Lance Archibald is a 21st century CEO with all the right credentials: Harvard Business School, of course, via BYU, where he played basketball. He worked at Snapfish and Logoworks before joining his current cutting edge transformative technology company, Homestat Farm, turning abandoned urban industrial spaces into hydroponic gardens growing organic, artisanal produce for …

Just kidding: Homestat Farms owns Maypo, the 68-year-old hot cereal, which is why I sought him out. I’ve been shoveling warm, delicious Maypo Instant Maple Oatmeal into my eager maw for over half a century.

Maypo had disappeared from shelves at my local Sunset Foods. Must be a restocking issue, I told myself. The intense, cult-like popularity of classic, comforting Maypo must make it difficult to keep in stock.

But time passed, and nourishing, nostalgic Maypo wasn’t returning. I did something completely out-of-character: I asked a manager at Sunset to stock the stuff. “If you carry it, I’ll buy it,” I promised.

So — mirabile dictu — they did. A dozen boxes appeared on the shelf. I bought one, enjoyed a bowl the way I like it, doctored with wheat germ, bran and a tablespoon of real maple syrup to enhance the maple effect.

But I can only eat so much. The rest of those boxes just sit there, reprimanding me. I feel responsible for Maypo, though I’m really not. Lance Archibald is. How did he get himself into this predicament?

“I bought this business about four and a half years ago from a gentleman in his late 60s, looking to retire,” Archibald, 44, told me. “When I looked at this business, I saw a category, the hot cereal category, that is growing, due to health trends, as people get away from cold cereal. I saw this brand, these brands — we also own Wheatena and Maltex — that have a really passionate customers base.”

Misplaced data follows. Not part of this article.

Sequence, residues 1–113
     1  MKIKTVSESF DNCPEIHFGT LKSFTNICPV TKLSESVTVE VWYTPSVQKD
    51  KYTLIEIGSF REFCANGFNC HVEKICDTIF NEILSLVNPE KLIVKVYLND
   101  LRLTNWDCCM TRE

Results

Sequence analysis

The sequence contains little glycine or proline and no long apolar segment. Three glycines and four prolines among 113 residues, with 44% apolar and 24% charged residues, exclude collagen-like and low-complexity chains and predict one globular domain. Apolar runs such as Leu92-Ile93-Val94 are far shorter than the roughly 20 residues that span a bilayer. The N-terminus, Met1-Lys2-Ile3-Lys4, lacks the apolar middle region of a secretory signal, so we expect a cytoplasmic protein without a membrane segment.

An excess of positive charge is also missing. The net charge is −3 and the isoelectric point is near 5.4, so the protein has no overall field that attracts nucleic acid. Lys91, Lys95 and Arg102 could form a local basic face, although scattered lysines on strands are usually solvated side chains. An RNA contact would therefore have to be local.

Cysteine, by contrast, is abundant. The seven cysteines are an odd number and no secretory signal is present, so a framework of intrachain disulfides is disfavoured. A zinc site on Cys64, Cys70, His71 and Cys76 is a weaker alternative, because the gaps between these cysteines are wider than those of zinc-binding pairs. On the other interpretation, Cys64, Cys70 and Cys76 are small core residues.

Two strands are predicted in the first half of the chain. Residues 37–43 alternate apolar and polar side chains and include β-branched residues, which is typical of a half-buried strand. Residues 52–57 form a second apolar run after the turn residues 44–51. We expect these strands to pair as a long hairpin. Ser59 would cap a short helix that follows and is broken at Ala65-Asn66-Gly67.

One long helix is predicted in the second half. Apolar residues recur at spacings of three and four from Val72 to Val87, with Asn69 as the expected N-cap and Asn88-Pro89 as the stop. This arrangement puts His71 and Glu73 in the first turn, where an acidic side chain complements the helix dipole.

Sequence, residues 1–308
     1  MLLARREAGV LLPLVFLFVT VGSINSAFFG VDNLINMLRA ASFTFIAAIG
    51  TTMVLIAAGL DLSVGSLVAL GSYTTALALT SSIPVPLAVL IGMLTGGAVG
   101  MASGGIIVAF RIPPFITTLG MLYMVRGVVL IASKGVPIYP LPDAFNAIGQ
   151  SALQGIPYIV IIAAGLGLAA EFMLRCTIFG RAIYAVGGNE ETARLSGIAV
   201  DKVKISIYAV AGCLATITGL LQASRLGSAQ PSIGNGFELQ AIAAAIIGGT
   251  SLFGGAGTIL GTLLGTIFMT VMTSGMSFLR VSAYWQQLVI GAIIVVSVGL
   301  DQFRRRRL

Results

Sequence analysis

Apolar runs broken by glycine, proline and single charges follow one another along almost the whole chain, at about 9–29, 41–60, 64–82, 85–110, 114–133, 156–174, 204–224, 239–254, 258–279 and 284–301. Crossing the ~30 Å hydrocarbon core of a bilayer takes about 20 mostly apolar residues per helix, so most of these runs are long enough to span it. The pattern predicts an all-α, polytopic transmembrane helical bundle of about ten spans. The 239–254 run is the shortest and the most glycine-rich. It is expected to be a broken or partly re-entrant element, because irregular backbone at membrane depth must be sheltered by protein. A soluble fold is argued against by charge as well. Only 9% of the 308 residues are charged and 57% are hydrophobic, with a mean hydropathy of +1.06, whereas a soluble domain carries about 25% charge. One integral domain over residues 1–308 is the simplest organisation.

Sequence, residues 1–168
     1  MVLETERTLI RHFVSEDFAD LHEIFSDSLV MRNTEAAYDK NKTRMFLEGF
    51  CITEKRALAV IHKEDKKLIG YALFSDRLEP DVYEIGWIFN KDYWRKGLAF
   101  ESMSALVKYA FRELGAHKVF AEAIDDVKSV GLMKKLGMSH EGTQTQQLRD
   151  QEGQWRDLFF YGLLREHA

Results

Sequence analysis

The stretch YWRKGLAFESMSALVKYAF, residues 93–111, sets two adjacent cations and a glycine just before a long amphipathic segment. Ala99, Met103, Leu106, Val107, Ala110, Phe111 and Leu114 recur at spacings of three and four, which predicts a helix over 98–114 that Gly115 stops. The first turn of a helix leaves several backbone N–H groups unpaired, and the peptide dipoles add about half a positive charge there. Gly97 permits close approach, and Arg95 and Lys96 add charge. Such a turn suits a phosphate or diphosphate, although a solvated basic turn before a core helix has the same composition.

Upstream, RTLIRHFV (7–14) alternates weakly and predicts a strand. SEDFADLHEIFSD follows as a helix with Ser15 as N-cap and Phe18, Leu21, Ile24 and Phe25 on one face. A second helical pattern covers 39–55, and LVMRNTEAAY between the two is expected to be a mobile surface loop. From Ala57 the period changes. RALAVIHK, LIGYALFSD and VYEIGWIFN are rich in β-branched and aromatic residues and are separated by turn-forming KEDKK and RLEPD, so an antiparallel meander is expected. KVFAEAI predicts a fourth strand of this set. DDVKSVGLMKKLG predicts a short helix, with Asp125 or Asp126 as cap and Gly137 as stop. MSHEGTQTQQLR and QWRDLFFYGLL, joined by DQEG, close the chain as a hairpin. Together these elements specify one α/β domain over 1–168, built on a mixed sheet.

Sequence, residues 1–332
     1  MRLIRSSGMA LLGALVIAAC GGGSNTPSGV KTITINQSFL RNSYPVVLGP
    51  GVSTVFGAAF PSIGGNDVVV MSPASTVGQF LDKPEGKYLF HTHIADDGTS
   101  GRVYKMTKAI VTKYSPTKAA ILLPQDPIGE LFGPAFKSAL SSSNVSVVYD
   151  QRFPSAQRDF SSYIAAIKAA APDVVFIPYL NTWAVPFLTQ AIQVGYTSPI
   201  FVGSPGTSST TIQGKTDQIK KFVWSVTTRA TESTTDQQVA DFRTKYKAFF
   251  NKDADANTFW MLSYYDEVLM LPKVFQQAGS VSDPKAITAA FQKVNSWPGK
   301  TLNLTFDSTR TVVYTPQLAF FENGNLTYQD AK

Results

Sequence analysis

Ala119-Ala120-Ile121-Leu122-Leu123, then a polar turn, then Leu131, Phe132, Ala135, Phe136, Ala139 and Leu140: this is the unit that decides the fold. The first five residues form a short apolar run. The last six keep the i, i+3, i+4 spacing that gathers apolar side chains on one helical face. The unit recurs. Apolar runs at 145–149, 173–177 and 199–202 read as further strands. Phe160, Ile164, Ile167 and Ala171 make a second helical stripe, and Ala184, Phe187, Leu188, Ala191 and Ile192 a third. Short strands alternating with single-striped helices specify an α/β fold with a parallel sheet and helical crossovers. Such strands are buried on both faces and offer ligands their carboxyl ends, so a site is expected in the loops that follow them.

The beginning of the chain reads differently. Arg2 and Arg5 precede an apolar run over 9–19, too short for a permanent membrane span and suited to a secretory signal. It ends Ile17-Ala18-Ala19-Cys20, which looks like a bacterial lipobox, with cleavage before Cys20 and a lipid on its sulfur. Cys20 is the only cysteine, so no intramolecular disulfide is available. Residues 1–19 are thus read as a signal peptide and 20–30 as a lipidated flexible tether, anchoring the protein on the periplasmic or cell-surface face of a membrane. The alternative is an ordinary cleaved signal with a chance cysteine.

We are passionate, about hot cereal anyway. But we’re also aging. Even when we were young, we needed persuading — the premise of the famous “I want my Maypo!” commercial was kids refusing to eat oatmeal. So what’s going on now with Maypo?

“We certainly face challenges for shelf space,” said Archibald, noting that Chicagoans are particularly negligent when it comes to eating our share of smooth, satisfying Maypo. “We’re not nearly as strong there as along the East Coast and New England. Our home turf is New England. I’ve been working hard to expand that. We’ve had successes. Quaker Oats controls a lot of shelf space.”

The name of the game is brand expansion. Supermarkets offer a kudzu-like spectrum of flavors of Quaker Instant: apples and cinnamon, maple and brown sugar, peanut butter and honey, pumpkin spice, since Halloween is almost a month away, not to mention protein, antioxidants, gluten free.

“They’re looking to create a billboard,” he said. “You just have one Maypo.”

If you’re lucky.

Homestat Farm has been trying to play that game, introducing “Vermont Style” Maypo, which is creamier, and Maypo with Quinoa, which is just wrong. No new commercials though.

“We can’t afford something like that; we’re a small business,” said Archibald. “From a marketing budget standpoint, they can offer more than we can. We’ve recently refreshed the brand, tried to stay true to Marky. [Maypo’s cartoon kid mascot]. We’ve improved the imagery and the package, tried to make it more modern and fresh.”

That is worrisome. The reason Maypo dug such a deep groove in my brain — besides the fact that I remember making the boxes into robots — is it was so heavily-advertised. Not just the 1950s animation, but the 1967 campaign, where sports stars like Mickey Mantle, Wilt Chamberlain and Johnny Unitas cried —literally, weeping, or pretending to — that they want their Maypo. “The delectable oatmeal that heroes cry for.”

A campaign, I would be remiss not to mention, reprised 15 years later, when the big cable companies refused to carry an upstart, 24-hour-a-day music channel called MTV. it responded by goading rock stars like Mick Jagger — who had no trouble adopting the tone of a petulant child — crying, “I want my MTV!”

Enough. We can’t preserve childhood, but most like to hold onto a relic or two. A single blue Tootsie Toy car, salvaged from time’s obliterating hand, sits on my desk. I’m hoping to keep a particular hot cereal as well, and appreciate Lance Archibald’s efforts on my behalf.